Portugal’s incumbent President, Marcelo Rebelo de Sousa, is widely expected to win the presidential elections on Sunday, polling with more than 60%. But all eyes are on André Ventura, whose emerging populist party Chega is polling at 11%.
Among growing public unrest, the Chega party is emerging after it won a seat in parliament in 2019, with 1.35 percent of the vote, bringing the far-right to politics for the first time since the country overturned the fascist Salazar dictatorship in 1974.
According to the latest poll, Rebelo de Sousa remains 44 points ahead of socialist Ana Gomes. The candidate of the radical right, André Ventura, a former soccer commentator known for his xenophobic and racist discourse, is in the third place.
Experts say it is widely unlikely that the Chega party will become a dominant force in Portuguese politics, but there are fears regarding an escalation of violence. Ventura has called for a “reduction” in Muslim communities in Europe and recently referred to Gomes as the “gypsy candidate.” Last year, he called for a black fellow MP with Portugal-Guinean citizenship to be “returned to her own country” in a Twitter post. His party also took to the streets to deny that racism was a problem. Ventura, however, has denied that he is racist or xenophobic.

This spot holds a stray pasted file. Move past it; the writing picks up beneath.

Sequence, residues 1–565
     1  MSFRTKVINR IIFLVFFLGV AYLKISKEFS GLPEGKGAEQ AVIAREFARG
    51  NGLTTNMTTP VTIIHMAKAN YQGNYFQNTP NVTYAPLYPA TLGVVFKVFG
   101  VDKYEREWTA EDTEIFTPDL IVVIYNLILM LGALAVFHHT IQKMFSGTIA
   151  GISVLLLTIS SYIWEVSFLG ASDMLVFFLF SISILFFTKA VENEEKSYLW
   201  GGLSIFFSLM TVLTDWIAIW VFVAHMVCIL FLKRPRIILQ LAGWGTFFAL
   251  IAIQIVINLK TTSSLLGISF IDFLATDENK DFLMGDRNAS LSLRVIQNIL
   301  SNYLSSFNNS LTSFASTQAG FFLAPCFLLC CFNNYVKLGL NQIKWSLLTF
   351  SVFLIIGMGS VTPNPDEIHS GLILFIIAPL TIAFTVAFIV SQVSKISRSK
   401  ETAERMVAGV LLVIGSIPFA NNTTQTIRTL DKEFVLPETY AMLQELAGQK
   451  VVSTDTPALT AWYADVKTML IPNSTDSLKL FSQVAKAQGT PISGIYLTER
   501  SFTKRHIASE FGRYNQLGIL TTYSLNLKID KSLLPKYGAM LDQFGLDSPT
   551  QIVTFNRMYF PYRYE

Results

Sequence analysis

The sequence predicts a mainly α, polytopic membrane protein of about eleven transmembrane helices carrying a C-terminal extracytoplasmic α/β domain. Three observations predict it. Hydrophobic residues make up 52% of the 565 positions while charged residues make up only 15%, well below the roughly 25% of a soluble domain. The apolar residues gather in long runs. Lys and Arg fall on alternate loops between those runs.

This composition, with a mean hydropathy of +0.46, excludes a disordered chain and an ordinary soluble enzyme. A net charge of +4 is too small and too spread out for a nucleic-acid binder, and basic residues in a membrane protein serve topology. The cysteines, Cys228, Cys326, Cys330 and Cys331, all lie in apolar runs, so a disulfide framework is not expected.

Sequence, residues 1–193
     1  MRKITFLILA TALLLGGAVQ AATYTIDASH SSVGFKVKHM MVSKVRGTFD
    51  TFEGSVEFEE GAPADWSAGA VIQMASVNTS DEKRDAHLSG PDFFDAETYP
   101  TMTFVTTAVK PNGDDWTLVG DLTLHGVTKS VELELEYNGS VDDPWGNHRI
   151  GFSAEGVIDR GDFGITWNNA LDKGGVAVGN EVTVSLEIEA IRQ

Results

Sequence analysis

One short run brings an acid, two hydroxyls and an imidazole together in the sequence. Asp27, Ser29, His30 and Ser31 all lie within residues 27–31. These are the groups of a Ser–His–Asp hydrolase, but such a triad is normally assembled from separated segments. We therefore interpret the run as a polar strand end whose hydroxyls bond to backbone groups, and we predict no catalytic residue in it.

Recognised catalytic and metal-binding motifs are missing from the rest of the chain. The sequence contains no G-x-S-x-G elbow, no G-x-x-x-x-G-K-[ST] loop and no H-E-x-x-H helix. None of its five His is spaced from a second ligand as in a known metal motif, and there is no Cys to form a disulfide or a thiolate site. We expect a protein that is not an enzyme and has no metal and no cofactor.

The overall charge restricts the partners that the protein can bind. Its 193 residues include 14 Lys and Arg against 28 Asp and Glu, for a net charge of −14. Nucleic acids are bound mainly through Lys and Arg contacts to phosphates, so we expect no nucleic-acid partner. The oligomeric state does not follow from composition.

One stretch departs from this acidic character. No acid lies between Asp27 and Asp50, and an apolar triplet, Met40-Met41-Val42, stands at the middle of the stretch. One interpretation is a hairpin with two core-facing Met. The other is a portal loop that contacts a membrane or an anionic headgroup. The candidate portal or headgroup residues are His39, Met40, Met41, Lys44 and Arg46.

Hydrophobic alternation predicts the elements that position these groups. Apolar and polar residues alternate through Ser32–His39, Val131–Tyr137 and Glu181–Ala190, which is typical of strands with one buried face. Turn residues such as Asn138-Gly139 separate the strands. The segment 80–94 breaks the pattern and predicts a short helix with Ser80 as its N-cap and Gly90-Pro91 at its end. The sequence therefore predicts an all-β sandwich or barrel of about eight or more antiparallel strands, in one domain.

Although Rebelo de Sousa is set to win, despite a recent surge in COVID-19 cases, the Portuguese government led by António Costa has been blamed by many for relaxing measures to fight the pandemic over the Christmas holidays, with the country now seeing the world’s highest infection rate. Portugal reported 234 deaths related to COVID-19 on Friday and 13,987 cases of infection, the highest number seen in a 24-hour period since the start of the pandemic, bringing the total number of deaths to 9,920.
Abstention in the presidential elections is expected to reach around 60%. The survey for the latest poll took place before January 15, so experts say the week before the campaign and the recent surge in COVID-19 cases could affect the results on Sunday.
The presidential election is taking place without delay despite a national lockdown, with national travel restrictions being lifted on voting day, and officials collecting votes from people who are in quarantine. There has been widespread criticism regarding the decision not to postpone the elections, but the government has said changing the constitution was not possible in such a short time frame.